Rink Ramblings: Up the Middle

Many experts think the Kings now have the 1-2 punch at center that is required for a long postseason run

Sunday, 10.9.2011 / 9:50 AM PT / Features
By Nick Nickson  - Radio Play-By-Play
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Rink Ramblings: Up the Middle

When the Kings acquired Mike Richards from Philadelphia in late June it gave them another top-flight center to compliment their number one center for the past five years, Anze Kopitar.  President/General Manager Dean Lombardi commented that with Richards on board the Kings 1-2 punch down the middle can now match up with anyone in the Conference.

How does the Kopitar-Richards tandem stack up against others in the West and how do they compare to other center ice combinations in Kings’ history?

First let's look at what the Kings centers will face in the Conference this season.  In Vancouver...the Canucks, the reigning Conference Champions, probably have the top duo not only in the Conference but perhaps in the league in Henrik Sedin and Ryan Kesler.  Sedin, the MVP two years ago, is the playmaker while Kesler is a big physical force who can shut down the opponents’ number one line (he won the Selke Trophy last season) while providing offense as well.  Kesler scored 41 goals last season.  

Chicago features Jonathan Toews and Patrick Sharp.  This pair provides plenty of offense and Toews has become one of the better all-around centers in the league.  The Hawks pair served as cornerstones in their 2010 Stanley Cup Championship season.  Detroit can throw two lines at you centered by Pavel Datsyuk and Henrik Zetterberg.  Both are exemplary players on both sides of the puck but on many occasions in recent years the two have become line mates.  Zetterberg was the playoff MVP in 2008 while Datsyuk had a recent string of three consecutive Selke Trophies (2008, 2009 and 2010).  The two have been teammates for the past eight seasons.  The Kings’ division opponent San Jose has veteran Joe Thornton as their top center and with Patrick Marleau being moved to the wing young Logan Couture slides into the second line in the middle.  Joe Pavelski, a natural center, may be used at wing this season with the departure of Dany Heatley and Devin Setoguchi.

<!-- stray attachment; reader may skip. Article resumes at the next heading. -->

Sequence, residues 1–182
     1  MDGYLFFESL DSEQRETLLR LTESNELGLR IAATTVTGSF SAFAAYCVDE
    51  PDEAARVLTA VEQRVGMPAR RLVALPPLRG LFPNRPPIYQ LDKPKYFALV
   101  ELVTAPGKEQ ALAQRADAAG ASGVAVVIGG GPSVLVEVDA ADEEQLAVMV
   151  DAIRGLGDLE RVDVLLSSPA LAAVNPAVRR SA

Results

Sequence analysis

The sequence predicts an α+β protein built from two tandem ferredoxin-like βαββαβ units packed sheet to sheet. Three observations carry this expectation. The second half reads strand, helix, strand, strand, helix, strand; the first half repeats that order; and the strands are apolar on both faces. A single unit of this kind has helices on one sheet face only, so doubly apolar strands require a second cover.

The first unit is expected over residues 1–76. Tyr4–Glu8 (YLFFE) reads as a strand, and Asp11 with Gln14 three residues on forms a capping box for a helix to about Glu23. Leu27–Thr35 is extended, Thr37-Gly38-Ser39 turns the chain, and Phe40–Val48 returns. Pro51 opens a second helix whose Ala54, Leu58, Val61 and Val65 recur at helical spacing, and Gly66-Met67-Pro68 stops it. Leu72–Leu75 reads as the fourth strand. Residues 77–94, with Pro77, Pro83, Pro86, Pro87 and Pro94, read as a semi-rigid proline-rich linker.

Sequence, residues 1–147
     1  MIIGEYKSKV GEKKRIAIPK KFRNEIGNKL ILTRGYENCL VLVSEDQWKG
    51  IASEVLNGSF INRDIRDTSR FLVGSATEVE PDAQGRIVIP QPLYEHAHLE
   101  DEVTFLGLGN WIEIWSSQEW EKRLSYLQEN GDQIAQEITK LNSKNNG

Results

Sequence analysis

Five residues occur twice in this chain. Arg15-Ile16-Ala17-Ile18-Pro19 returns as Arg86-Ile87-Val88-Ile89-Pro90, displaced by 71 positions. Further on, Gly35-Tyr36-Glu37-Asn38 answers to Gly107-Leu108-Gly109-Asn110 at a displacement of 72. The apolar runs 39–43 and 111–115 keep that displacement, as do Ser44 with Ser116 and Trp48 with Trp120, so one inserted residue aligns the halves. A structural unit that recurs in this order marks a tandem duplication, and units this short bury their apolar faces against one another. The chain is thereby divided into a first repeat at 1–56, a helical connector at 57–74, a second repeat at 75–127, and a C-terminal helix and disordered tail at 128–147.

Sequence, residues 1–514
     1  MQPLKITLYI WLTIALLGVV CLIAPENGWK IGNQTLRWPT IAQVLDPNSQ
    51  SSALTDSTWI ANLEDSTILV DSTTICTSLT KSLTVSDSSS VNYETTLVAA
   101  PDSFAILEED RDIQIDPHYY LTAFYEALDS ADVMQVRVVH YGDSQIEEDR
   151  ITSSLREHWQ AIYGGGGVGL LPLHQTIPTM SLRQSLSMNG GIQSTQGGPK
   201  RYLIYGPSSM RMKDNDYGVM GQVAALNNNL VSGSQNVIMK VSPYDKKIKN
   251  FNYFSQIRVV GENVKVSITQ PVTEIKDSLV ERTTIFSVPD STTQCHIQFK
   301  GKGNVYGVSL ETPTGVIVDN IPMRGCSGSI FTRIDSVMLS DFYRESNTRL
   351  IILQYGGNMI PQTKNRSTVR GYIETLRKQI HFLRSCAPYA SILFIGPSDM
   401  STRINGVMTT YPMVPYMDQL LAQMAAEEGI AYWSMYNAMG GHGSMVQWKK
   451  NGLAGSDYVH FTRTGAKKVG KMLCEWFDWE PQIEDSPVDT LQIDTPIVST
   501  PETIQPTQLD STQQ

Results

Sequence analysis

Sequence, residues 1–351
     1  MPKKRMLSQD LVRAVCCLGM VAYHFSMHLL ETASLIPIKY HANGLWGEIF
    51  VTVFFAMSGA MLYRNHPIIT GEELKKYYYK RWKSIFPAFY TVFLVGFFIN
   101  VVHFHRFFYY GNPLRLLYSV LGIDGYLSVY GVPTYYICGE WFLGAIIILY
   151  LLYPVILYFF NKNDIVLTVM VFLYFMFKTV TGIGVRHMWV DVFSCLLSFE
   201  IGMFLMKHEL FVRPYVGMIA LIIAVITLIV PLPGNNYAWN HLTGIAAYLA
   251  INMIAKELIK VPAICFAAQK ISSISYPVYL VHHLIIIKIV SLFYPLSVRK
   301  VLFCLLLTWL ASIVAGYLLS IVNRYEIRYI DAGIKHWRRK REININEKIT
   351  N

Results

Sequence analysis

All four of the aforementioned Conference rivals have had measurable success in recent post-seasons with all advancing to at least the Conference Finals in the last four years.  Strength down the middle for these teams has contributed greatly to their success.

Other combinations of note in the West would include: Anaheim (Ryan Getzlaf and Saku Koivu); Colorado (Paul Stastny and Matt Duchesne); St. Louis (David Backes and Patrick Berglund); and Columbus (Jeff Carter and Antoine Vermette).

Kopitar and Richards also figure to be teammates with the Kings for awhile.  Kopitar, 24, has five years remaining on his second pro contract that he signed back in 2008, while Richards, 26, has nine years remaining on his monster contract he inked with the Flyers three seasons ago.